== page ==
This blog discusses just a couple of ways that you can make your code reusable.
If you frequently create similar projects, you can save yourself considerable development time and ensure application consistency by creating and using object and project templates. For example, say that you use a copywrite form or common switchboard across your application. In these cases, you can add the object to your integrated develoment environment (IDE), and then use them as a basis for new development in your projects and ensure a more consistent look and feel across all of your applications. Although Visual Basic ships with a number of templates, such as form templates, you aren't limited to those. Any standard object (for example, a form or module) you can create and save in Visual Basic can be made into an object template. Visual Basic also gives you the ability to create complete project templates. Project templates can be skeletal templates containing a small number of base objects, such as a few forms and modules, or they can be partially completed applications containing intricate code and a number of objects. To see various project templates, just start Visual Basic and select New Project. Projects such as the Standard EXE and ActiveX EXE are examples of project templates. You can also create your own custom templates.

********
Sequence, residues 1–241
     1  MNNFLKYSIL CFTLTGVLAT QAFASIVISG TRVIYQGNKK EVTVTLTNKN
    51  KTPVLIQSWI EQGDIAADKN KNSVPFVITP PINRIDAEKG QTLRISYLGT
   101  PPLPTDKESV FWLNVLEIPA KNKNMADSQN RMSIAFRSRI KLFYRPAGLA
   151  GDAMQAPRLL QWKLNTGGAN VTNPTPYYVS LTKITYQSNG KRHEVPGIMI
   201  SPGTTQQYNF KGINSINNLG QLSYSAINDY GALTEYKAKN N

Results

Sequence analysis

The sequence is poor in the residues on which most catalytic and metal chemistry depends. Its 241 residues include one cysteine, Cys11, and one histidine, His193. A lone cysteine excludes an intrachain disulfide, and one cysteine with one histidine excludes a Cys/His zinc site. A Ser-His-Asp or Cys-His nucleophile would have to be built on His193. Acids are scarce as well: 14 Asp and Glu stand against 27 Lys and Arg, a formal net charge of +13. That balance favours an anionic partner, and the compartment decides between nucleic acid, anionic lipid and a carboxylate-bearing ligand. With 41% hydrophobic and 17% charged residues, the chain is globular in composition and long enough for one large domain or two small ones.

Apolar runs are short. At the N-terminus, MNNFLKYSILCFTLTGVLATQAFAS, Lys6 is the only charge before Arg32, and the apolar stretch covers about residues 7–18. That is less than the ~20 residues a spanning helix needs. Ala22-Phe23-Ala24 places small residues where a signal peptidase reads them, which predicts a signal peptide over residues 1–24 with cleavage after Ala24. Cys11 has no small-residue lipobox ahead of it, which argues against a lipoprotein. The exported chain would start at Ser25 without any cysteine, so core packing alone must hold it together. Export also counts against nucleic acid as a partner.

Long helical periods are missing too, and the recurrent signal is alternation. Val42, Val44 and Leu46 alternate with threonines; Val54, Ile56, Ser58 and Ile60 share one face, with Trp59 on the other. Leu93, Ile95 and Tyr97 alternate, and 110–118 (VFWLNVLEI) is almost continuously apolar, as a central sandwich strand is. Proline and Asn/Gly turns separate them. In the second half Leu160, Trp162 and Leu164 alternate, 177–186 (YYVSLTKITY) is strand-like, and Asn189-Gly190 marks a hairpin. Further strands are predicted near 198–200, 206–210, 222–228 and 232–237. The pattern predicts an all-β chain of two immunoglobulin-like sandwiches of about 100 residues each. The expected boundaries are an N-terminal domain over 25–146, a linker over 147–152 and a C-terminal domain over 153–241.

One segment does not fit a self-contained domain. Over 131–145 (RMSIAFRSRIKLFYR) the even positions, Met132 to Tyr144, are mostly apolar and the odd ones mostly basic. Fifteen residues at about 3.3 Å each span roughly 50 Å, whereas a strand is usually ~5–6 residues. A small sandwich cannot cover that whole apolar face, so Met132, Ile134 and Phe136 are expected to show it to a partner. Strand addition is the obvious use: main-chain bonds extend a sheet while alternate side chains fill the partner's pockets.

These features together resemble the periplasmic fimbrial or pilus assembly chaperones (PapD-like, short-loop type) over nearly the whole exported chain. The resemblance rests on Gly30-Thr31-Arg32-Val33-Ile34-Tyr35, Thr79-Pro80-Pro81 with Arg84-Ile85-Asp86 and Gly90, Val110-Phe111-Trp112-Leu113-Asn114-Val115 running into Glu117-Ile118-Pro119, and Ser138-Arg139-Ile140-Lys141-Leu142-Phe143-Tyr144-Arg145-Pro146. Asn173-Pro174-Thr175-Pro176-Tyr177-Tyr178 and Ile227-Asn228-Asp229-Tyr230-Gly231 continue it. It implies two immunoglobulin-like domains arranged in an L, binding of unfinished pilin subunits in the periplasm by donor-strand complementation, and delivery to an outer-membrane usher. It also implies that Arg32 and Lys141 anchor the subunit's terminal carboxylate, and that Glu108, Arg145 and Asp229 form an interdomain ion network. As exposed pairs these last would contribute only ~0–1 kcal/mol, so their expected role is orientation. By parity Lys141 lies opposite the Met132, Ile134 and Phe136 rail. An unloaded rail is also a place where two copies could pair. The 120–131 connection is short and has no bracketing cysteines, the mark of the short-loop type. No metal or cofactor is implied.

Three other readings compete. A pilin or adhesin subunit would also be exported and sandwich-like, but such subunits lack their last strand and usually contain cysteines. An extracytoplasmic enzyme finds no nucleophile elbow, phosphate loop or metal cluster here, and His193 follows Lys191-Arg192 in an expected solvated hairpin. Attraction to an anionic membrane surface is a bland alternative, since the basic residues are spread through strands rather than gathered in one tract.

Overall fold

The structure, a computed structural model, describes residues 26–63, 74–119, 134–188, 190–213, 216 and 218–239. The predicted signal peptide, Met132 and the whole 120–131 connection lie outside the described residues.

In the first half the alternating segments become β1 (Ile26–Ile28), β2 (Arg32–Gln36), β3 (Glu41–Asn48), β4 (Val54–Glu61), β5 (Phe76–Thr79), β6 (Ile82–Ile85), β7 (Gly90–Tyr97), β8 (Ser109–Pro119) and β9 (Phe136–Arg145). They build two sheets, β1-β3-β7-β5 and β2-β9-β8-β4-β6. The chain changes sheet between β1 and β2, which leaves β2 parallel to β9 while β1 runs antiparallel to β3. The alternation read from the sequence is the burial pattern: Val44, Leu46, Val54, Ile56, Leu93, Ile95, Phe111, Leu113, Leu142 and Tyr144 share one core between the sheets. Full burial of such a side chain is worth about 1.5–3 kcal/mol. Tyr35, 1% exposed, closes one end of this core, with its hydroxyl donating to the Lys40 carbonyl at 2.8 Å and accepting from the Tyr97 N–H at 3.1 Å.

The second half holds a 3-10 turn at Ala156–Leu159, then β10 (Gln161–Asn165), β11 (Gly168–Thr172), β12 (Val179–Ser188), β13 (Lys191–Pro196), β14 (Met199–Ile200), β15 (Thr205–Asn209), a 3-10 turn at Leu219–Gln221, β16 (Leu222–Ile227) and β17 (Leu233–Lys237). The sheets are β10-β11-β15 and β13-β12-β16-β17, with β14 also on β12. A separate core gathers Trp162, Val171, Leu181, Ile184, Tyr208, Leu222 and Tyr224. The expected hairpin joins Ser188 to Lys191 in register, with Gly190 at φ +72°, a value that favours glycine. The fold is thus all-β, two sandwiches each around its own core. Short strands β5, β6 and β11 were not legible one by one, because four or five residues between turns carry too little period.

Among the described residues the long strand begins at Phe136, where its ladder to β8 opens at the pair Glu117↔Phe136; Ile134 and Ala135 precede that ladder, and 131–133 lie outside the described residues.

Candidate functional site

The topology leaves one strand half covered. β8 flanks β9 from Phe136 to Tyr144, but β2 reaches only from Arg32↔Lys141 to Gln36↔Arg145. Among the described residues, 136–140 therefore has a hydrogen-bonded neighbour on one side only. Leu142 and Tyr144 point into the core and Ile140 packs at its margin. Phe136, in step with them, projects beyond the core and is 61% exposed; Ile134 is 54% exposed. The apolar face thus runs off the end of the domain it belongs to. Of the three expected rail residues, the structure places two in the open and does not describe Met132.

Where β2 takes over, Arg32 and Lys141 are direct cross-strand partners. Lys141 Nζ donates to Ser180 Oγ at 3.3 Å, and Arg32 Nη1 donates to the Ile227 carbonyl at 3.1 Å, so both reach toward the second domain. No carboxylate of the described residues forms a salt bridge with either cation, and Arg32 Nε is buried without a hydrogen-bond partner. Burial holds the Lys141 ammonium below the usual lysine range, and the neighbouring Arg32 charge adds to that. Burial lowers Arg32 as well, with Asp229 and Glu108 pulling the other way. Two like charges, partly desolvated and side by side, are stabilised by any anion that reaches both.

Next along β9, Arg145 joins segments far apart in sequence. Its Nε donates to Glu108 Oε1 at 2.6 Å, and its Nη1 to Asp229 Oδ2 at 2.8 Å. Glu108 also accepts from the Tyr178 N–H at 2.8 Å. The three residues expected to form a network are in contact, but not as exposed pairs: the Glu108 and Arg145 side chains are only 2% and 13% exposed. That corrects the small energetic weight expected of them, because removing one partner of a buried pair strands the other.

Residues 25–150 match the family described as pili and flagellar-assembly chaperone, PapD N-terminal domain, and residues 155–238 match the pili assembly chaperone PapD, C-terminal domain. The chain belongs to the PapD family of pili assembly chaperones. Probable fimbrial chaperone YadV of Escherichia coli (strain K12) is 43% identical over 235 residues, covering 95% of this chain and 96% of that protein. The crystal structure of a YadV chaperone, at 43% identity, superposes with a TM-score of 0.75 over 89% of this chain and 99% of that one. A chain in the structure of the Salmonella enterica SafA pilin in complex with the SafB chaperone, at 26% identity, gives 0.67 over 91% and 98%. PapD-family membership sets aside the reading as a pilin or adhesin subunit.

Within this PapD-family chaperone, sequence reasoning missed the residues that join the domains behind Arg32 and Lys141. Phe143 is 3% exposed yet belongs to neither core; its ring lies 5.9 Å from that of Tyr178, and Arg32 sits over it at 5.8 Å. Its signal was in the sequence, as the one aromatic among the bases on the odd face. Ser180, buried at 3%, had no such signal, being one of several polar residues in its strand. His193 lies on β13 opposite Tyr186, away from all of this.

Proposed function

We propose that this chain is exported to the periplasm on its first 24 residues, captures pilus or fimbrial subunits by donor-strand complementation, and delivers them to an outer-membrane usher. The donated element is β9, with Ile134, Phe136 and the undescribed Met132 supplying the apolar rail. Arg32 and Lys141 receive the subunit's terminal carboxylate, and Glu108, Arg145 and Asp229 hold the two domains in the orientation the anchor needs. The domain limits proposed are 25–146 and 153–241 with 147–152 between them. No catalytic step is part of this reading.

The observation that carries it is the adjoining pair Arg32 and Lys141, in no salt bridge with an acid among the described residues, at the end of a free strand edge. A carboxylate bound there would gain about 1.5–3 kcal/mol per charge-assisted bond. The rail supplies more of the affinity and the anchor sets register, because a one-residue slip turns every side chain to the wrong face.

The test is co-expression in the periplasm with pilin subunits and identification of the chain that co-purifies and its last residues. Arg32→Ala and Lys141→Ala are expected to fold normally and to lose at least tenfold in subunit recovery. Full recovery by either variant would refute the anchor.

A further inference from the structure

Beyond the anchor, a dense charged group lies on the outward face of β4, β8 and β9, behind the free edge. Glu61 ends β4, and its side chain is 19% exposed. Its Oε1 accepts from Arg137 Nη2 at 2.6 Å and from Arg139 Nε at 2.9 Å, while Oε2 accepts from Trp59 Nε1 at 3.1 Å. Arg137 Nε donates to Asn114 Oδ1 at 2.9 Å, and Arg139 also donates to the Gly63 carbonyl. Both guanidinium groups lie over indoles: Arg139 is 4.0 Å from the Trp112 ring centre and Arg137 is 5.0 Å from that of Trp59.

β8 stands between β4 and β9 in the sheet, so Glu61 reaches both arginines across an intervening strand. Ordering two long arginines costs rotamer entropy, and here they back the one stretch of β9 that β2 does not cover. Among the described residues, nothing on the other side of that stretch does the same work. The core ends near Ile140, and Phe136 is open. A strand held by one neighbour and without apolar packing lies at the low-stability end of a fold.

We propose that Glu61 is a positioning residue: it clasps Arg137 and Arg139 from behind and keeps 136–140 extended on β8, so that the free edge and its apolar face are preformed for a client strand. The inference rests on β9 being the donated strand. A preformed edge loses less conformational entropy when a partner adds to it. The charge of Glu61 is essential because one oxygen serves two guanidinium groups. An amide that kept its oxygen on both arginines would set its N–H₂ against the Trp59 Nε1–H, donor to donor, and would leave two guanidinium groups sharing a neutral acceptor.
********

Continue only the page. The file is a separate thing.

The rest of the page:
It should come as no surprise that one of the biggest sources of problems in code and barriers to reusability are typos. So it follows that the easiest way to prevent this is to type less. For example, you should never have to type the following more than once in a project:

Set objApp = CreateObject("Excel.Application")

You should type the statement once into a boilerplate module of frequently used code and copy and paste it into whatever module you are using. If you don't already have such a module, you should start one. If this doesn't fit your style or doesn't lend itself to your situation, at least start copying statements from another procedure instead of retyping them.

Another practice that makes for more reusable code is to use variables instead of literals. For example, look at the following two code segments:

Select Case Action.Name
   Case "Approve"
      NewItem.Importance = 2
   Case "Disapprove"
      Item_CustomAction = False
   ...
End Select

Const olImportanceHigh = 2
Select Case Action.Name
   Case "Approve"
      NewItem.Importance = olImportanceHigh
   Case "Disapprove"
      Item_CustomAction = False
   ...
End Select

Looking at the value of the "Importance" entity, it's pretty clear which segment is more readable. The value 2 in the first segment is called a "magic number" because it appears with no explanation as to its meaning. Now notice the assignment of 2 in the second segment. The value 2 is assigned to a variable that describes the meaning of the value. The use of the Const construct in the second segment makes the code much more readable and reusable.

In addition to providing descriptive meaning to the literal value, using a Const construct has another advantage that helps with code reusablity. Consolidating the actual definition at the Const construct makes it easy to make changes to the value. Regardless of how many times the variable is used in the module, if the value of the literal must change, the variable can be changed in just one location.